Because the positions of possible weld lines are completely determined by the flow pattern of the melt, these locations are an immanent result of any filling simulation. But while the use of fiber data from filling simulations is becoming more and more common, other valuable information from filling simulation is often ignored. And weld line positions certainly are valuable data.

The weld line strength can vary between 100% and actually 0% of the strength of  the homogeneous material. Typical values are 80 to 40%. Sometimes, as a conservative rule of thumb, a reduction factor of (1-ϕ) is applied to the strength of the matrix material (ϕ: fiber weight content). A difference that can account for severe misjudgment in the component evaluation and thus outweighs many other influencing factors… If the weld line is unfavorably positioned.

Figure 3 Unexpected Component Failure at Weld Line Position

Despite the utmost care, a disregarded weld line can therefore make the result of an FE simulation misleading, both in terms of the permissible loads and in terms of the failure position in the component (fig. 3 and 4).

Figure 4 Unaccountable Failure due to Weld Line Effect ( Isotropic Material)

This is all the more unnecessary as there are several ways to consider the weld line strength at different levels of complexity:

  • Visual assignment of the affected component regions and manual evaluation with lump-sum reduction factors. Only applicable for simple geometries and filling patterns.
  • The mapping of corresponding element sets from the filling to the structural simulation with blanket reduction factors in the postprocessing. This should be considered for more complex geometries with a significant number of weld lines.
  • Assignment of separate material models to weld line regions with corresponding damage models. The weld line strength can be estimated or has to be measured with double-gated tensile bars.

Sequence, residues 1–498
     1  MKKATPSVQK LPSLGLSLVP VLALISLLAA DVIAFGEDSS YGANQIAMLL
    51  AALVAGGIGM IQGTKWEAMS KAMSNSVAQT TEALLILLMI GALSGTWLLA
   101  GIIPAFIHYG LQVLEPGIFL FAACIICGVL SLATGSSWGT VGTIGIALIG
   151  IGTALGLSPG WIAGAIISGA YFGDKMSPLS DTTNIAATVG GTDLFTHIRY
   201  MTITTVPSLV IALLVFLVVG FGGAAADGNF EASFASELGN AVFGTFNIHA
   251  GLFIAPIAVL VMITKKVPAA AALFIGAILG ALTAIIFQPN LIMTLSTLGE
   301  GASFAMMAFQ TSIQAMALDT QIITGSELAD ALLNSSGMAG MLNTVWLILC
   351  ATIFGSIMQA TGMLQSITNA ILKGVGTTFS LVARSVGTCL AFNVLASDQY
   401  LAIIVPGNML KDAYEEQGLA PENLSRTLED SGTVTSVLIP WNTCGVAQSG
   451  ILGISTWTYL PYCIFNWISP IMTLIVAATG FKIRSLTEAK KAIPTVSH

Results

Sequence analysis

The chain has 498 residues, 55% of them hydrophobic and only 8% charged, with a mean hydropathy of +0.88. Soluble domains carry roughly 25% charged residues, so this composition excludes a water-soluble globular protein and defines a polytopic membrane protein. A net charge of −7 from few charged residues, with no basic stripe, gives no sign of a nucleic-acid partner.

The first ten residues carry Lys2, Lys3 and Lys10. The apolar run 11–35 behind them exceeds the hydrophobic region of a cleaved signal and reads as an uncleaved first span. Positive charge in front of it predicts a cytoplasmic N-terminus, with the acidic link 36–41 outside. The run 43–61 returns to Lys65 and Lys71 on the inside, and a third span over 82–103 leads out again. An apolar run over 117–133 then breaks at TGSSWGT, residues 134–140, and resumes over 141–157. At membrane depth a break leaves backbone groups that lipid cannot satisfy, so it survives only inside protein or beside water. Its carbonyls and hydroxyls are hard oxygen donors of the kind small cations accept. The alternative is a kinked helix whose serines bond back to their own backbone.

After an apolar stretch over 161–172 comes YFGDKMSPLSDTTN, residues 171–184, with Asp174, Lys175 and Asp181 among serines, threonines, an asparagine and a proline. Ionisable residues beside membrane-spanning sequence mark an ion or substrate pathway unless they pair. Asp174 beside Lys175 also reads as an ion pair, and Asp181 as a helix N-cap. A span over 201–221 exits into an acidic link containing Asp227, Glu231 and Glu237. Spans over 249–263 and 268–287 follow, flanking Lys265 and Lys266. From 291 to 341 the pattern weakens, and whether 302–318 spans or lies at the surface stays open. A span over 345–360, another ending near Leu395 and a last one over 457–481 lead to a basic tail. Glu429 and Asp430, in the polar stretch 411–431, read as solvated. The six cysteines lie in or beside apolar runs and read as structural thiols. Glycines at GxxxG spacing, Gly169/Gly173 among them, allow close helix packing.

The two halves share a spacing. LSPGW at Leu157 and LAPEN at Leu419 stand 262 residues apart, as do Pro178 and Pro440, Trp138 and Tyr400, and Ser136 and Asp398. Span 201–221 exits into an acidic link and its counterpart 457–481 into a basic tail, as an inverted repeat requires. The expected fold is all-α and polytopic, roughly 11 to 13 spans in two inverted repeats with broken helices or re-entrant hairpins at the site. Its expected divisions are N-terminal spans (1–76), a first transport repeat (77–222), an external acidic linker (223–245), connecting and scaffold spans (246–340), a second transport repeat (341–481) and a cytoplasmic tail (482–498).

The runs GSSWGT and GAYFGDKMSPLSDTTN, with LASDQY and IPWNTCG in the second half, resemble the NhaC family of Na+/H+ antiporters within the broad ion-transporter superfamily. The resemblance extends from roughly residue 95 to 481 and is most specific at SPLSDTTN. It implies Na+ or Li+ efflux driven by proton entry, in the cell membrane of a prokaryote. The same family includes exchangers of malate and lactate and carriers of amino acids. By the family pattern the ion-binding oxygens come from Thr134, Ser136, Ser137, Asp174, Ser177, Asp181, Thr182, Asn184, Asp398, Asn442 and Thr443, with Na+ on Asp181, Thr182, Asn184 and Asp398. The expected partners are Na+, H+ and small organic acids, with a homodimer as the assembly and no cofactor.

• Prediction of local weld line strength based on process data from the filling simulation. This is an object of research.

Even, if admittedly the prediction of weld line strength can be difficult, the mere consideration of their loacation in an FE-model can reduce the chance of misjudgment significantly. Hence, the mapping of weld lines should be included in any simulation process of plastic components if possible. Especially, because the effort can be close to zero.

CONVERSE by PART Engineering is an easy-to-use, reliable and fast software tool which takes the information provided by an injection molding simulation, transfers it to a downstream mechanical simulation of the component. Amongst other data, weld line positions can be mapped between arbitrary mesh types and are exported as grouped element sets in the particular solver syntax. Whether or not these element sets are used for a specific material assignment is up to the user. Converse can be accessed through the Altair Partner Alliance.